Captain Nick Nickerson (below) works with a film crew off of Monomoy in less than ideal conditions.

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Wayne Davis 10.14.2015 144

Working with a film crew off of North Chatham inlet. (Photo courtesy Wayne Davis)



Read more.. Wednesday, October 21st, 2015

Close Encounters of the Shark Kind II

Heartfelt thanks to the Nickerson Art Gallery in Chatham, to all those who turned out for our reception last night and to those of you who visited our show during the past Shark Week! Very pleased to say that most of the images are going to great homes around the country spreading some shark love.  For those who could not make it to Chatham, here is the line up of images including two limited edition posters that are being exhibited. The show closes today.

White Shark Aus

Blue Shark #1 Whale Shark #1 White Shark below surface White Shark in Shark Cove Monomoy (5) White Shark in Shark Cove Monomoy White shark SA #1 White Shark SA #3 White Shark SA #4 White Shark SA #5 White Sharks Mex Wild Cape Cod 2013 poster Wild Chatham 2012 poster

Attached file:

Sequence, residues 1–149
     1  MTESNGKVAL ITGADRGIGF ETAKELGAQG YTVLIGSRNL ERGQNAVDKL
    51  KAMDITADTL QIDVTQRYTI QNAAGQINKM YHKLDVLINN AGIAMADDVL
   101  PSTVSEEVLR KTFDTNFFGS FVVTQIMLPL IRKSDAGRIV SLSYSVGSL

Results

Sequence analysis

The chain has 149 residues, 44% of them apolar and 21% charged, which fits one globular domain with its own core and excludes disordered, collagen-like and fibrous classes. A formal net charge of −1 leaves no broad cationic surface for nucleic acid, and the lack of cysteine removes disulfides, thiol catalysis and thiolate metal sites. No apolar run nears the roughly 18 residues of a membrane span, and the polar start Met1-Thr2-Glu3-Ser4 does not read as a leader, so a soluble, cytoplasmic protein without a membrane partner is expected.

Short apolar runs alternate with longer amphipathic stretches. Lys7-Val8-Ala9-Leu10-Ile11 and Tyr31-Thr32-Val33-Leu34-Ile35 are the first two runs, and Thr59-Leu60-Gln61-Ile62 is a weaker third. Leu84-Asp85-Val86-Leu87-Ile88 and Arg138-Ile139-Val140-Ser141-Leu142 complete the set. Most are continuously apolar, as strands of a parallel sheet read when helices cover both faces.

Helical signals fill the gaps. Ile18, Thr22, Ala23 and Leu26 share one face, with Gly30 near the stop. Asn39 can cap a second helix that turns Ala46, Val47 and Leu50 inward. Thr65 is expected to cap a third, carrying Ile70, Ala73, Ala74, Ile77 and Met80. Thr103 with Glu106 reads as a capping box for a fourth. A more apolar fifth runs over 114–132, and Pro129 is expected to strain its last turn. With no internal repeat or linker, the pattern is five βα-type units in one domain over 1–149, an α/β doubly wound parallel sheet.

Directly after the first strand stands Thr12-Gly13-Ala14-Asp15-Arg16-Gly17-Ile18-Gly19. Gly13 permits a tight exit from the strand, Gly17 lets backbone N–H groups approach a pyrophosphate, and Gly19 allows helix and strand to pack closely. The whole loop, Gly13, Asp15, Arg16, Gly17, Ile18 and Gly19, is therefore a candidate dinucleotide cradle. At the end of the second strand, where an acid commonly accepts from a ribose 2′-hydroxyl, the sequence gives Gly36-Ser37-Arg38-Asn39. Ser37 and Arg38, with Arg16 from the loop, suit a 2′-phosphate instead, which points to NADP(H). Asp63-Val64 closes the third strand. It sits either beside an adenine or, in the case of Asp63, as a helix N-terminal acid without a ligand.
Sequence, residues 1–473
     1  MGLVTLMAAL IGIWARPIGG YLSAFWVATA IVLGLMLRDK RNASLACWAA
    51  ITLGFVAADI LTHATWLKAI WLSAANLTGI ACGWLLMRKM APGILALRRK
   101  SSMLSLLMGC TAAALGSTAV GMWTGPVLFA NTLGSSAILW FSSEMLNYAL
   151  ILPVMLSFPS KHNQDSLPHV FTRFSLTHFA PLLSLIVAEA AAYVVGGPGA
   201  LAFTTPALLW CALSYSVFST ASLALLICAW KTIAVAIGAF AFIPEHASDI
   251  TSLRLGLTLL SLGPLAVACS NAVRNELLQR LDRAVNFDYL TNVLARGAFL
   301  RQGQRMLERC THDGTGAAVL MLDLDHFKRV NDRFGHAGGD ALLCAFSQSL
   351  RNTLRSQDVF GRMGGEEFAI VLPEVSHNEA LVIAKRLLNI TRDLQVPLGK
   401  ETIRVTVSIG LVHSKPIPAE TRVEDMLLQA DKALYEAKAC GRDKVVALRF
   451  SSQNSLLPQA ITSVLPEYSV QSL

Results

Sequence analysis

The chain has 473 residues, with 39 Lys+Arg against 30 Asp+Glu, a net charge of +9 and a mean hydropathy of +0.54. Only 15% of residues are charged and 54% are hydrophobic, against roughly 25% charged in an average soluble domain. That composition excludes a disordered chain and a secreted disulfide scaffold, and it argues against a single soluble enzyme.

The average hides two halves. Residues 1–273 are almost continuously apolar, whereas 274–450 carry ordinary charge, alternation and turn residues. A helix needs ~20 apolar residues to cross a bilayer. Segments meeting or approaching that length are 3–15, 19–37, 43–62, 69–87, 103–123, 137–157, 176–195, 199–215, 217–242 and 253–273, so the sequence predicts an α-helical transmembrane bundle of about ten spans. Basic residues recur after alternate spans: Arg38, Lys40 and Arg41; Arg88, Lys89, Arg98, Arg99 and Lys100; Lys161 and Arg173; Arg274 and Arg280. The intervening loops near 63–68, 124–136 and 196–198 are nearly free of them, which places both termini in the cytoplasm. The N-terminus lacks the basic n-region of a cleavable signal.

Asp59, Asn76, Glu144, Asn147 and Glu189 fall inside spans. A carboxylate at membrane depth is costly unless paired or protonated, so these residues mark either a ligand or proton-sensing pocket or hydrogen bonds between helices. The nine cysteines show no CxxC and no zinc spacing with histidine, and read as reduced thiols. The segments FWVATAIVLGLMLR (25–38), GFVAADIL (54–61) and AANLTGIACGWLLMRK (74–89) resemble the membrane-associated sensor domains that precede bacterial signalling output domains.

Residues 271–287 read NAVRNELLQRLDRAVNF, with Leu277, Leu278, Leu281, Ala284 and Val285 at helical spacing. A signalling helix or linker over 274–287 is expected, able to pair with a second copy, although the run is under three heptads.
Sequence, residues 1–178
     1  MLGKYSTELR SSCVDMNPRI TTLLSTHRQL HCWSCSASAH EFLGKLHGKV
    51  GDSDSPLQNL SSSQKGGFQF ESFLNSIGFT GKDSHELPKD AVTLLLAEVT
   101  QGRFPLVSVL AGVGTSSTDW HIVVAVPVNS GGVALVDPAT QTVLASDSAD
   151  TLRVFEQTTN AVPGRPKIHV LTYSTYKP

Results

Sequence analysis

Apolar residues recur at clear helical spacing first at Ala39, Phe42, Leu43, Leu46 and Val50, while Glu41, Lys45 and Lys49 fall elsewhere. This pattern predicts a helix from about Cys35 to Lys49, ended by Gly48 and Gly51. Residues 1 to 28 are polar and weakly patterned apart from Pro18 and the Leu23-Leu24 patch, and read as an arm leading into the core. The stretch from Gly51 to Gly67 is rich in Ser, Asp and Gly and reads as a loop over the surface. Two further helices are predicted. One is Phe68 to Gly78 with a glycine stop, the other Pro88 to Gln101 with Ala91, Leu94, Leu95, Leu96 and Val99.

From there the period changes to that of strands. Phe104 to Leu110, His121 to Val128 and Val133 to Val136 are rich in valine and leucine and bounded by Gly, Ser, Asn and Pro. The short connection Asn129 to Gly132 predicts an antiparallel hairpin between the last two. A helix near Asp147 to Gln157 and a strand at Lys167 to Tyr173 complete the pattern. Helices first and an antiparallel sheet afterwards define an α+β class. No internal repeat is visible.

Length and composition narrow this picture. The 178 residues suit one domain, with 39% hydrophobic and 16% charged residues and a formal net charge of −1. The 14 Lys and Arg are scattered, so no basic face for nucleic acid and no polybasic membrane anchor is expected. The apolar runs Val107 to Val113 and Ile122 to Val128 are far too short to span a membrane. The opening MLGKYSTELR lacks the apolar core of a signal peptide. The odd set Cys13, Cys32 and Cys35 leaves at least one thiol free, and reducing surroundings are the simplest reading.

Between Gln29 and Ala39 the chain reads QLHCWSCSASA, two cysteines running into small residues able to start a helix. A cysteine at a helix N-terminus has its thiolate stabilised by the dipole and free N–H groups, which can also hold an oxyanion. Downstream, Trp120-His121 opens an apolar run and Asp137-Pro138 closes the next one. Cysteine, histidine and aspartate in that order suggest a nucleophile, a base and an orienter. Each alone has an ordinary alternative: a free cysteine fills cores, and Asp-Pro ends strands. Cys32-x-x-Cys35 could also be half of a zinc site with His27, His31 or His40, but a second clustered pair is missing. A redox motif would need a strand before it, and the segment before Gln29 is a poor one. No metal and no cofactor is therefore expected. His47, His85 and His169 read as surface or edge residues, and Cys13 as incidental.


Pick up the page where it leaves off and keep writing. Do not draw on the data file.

Read more.. Sunday, July 12th, 2015

Close Encounters of the Shark Kind: An exhibit of original photographs

With Discovery Channel’s Shark Week fast approaching, the adrenaline in this household is starting to increase with anticipation as it has every year at this time in recent memory. And now imagine our thrill at having the honor to be a (small) part of this year’s lead show for the Shark Week line up , titled Shark Trek featuring our very own Dr. Greg Skomal and his important shark research being conducted right in outer Cape Cod waters.

In honor of the weeks’ coming events we are very pleased to be partnering with our friends at Nickerson Gallery in Chatham to share some of the images we have recorded of white sharks and other shark species in our recent travels. The exhibit is titled Close Encounters of the Shark Kind.  We hope our Cape Cod friends will visit the Nickerson Gallery , 618 Main Street in Chatham to have a look. All of the photography will be available for sale and a limited edition poster of a white shark patrolling Cape Cod waters was created especially to benefit white shark research here on Cape Cod. The show will run from July 5 – 12th concurrent with Shark Week and all friends are invited to an artist’s reception on July 11th 5:00 – 8:00 PM at the Gallery. We will be present to share stories of how these images were recorded in most of the world hotspots where white sharks occur including South Africa, Mexico, Australia as well as in Cape Cod waters. Here is a taste below…..and in case you are wondering…NO seals were injured in the making of this image. -JK

Photographer and conservationist John King in the marsh near his home in Chatham, Massachsuetts